• In a seated position, press the soles of your feet together with your knees out to your sides.
  • Slowly lie down on your back.
  • Find a comfortable position for your arms and hold this position for up to 5 minutes.

Garland Pose (Malasana)

What it does:

Increases flexibility and circulation by stretching your lower back, hips, and thighs. This pose can also strengthen your pelvic floor muscles and help alleviate pain, cramping, and digestive concerns.

How to do it:

  • Squat down with your legs closed and your heels flat on the ground.
  • Bring your arms to a praying pose and press your elbows against your inner thighs and stretch your thighs wide apart.
  • Make sure your spine is straight and your feet are still close to each other.
  • Stay in this pose for up to 5 breaths.

Final Relaxation (Savasana)

What it does:

Relaxes your mind and body and is the ideal pose to conclude your yoga session. The final touch. (We’re keeping the fact that this is popularly called ‘Corpse pose’ under wraps)

How to do it:

  • Lie on your back with your legs outstretched or your knees bent.
  • Keep your head centered and do not let it turn or fall to the sides.
  • Extend your arms to the sides and relax in this pose completely for as long as you like.

It can be difficult to go on living your life like normal when you have to deal with so much. We hope doing these yoga poses can relieve at least some of your pain. For support or queries, you can always reach out to us. See you in the next blog. ☺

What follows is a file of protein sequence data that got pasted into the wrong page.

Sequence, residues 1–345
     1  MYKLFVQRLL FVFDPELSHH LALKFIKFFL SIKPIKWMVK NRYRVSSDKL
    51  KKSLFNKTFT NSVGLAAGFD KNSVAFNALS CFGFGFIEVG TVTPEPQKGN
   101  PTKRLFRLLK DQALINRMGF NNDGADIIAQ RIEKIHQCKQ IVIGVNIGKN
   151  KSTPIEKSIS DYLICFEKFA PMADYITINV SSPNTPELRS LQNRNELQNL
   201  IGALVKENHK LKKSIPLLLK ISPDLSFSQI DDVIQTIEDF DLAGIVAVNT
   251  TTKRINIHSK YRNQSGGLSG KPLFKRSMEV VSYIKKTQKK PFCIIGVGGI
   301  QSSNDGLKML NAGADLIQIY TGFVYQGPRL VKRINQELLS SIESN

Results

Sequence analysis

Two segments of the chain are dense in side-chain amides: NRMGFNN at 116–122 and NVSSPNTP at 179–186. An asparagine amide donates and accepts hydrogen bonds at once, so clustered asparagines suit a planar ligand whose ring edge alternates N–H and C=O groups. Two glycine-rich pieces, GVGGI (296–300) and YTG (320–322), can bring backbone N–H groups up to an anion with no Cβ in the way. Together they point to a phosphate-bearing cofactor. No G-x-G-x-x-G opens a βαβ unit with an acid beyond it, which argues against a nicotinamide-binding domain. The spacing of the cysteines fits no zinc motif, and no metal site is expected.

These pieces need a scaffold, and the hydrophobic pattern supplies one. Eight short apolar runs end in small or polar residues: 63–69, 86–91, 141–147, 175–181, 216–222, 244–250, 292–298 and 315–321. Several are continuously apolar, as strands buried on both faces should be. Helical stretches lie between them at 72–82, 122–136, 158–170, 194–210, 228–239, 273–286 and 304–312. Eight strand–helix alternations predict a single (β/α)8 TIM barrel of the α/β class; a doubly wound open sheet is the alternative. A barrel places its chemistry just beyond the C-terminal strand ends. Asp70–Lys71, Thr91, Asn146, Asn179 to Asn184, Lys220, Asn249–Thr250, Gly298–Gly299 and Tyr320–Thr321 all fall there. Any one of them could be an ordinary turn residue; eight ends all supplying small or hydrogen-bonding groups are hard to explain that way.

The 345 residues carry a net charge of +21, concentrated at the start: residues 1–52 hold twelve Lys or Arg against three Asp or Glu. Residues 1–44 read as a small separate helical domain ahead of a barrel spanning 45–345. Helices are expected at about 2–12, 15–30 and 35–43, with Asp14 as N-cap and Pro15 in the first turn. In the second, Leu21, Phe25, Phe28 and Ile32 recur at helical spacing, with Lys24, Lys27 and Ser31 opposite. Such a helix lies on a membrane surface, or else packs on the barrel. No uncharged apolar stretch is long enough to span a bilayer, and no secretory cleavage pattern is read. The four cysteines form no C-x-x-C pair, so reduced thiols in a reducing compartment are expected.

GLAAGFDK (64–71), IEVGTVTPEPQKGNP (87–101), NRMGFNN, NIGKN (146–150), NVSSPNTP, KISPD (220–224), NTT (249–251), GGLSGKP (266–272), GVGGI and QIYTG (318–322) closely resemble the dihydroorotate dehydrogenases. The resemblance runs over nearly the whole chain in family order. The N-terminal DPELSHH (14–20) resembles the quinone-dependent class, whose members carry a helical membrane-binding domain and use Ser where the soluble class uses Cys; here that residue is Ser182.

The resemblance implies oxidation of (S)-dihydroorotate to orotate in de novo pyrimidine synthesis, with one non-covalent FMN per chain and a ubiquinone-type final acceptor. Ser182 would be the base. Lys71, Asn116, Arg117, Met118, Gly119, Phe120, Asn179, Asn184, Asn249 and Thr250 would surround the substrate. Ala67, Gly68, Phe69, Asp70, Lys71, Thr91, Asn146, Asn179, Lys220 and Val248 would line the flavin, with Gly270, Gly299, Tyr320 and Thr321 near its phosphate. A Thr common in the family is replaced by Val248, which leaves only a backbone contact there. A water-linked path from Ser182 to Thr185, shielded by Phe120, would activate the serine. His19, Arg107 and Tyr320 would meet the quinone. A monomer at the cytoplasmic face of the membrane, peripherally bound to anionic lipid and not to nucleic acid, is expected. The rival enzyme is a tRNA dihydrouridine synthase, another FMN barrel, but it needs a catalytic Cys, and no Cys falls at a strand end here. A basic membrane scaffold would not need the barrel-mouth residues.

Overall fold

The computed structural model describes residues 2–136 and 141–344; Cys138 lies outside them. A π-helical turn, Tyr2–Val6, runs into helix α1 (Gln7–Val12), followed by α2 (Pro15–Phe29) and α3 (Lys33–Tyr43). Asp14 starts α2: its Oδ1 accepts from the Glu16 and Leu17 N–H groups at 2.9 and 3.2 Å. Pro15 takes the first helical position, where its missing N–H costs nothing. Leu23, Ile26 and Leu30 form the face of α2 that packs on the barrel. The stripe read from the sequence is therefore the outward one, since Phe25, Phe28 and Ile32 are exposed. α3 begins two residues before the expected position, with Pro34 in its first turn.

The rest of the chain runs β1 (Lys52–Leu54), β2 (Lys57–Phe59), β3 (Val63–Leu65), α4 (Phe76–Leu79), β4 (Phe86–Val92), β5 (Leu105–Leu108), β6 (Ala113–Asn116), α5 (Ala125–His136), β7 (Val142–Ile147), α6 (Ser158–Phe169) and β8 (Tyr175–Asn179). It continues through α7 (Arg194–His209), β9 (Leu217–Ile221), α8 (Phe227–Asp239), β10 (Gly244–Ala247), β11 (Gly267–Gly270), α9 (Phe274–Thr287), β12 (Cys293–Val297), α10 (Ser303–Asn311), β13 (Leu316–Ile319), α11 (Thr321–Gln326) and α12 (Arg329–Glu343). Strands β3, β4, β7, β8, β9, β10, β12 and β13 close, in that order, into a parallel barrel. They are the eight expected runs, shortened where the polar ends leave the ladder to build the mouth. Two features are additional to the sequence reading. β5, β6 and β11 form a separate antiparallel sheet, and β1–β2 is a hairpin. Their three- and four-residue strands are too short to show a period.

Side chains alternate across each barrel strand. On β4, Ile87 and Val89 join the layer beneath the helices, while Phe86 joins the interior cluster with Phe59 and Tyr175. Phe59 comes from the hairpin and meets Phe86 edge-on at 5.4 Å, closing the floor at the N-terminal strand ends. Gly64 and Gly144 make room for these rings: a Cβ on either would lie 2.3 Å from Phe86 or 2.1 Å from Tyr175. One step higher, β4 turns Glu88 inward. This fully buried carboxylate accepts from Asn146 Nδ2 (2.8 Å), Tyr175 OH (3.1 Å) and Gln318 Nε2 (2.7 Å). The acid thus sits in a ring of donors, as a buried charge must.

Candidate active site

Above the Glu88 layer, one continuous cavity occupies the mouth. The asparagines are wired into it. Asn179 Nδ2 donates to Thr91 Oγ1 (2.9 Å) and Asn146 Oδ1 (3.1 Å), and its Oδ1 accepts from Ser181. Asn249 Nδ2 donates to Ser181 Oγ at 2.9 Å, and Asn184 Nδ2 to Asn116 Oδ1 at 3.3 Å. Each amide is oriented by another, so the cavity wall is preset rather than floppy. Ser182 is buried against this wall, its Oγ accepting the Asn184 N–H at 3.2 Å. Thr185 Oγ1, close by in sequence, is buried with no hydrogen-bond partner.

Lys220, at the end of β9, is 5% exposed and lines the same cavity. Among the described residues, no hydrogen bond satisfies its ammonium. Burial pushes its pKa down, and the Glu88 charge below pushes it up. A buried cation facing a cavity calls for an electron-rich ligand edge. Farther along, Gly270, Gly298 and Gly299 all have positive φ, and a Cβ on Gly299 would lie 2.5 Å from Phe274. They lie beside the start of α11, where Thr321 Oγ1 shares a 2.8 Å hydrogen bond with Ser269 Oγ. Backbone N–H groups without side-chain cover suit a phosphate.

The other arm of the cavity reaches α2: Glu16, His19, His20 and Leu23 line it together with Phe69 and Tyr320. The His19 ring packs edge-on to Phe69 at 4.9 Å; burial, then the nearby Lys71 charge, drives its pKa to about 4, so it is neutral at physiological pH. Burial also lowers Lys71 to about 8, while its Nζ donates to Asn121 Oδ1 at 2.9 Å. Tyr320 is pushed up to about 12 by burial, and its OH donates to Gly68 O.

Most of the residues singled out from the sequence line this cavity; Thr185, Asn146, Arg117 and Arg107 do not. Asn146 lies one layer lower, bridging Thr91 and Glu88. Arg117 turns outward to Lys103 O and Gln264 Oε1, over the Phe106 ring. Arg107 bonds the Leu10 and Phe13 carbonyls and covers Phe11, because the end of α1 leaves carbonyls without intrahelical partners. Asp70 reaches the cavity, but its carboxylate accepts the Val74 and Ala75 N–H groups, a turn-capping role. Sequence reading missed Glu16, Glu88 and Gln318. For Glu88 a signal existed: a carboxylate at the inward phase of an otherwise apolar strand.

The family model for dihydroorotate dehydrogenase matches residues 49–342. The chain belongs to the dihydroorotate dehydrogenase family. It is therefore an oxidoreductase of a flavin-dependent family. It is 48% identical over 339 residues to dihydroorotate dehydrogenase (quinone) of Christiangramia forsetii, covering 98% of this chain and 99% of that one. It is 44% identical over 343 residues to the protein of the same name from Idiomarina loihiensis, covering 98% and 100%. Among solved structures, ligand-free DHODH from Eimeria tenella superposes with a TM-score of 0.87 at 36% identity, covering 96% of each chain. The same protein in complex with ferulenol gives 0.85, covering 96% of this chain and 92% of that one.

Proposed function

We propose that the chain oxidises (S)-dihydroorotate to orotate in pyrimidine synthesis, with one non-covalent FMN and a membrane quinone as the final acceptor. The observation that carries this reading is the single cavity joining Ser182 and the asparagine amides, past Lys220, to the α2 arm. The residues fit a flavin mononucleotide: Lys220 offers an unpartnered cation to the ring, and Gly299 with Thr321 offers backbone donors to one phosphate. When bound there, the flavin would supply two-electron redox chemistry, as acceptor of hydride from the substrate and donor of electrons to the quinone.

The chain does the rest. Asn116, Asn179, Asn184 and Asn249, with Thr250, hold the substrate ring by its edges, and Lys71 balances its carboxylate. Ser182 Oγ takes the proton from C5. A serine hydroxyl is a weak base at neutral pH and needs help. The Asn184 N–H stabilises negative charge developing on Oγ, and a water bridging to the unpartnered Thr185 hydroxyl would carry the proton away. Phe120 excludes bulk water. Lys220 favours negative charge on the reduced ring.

FAQS Related to Endometriosis Treatment

1. Can endometriosis go away with exercise?

Exercise is not a complete cure for endometriosis, but it can certainly help with the physical, mental, and emotional stress of dealing with endometriosis.

2. Is endometriosis fully curable?

Currently, there is no cure for endometriosis, but most people notice significant improvement in their symptoms with surgery. There are also many other treatment options that can help ease the symptoms related to endometriosis.

3. What is the permanent cure for endometriosis?

There is no permanent cure for endometriosis, but treatment can significantly improve your symptoms.

4. Can exercise make endometriosis worse?

Yes. Even though exercises can help relieve pain related to endometriosis, overdoing it can have the exact opposite effect. Take breaks, pace yourself, and gradually increase the intensity of your exercises.

5. Can yoga reduce endometriosis?

While yoga can relieve symptoms related to endometriosis and make dealing with endometriosis a lot easier, it cannot reduce endometriosis.

6. What exercises should I avoid with endometriosis?

High intensity abdominal exercises (abs workout), like crunches and plank jacks; and High-impact exercises, like running and burpees, should be avoided with endometriosis.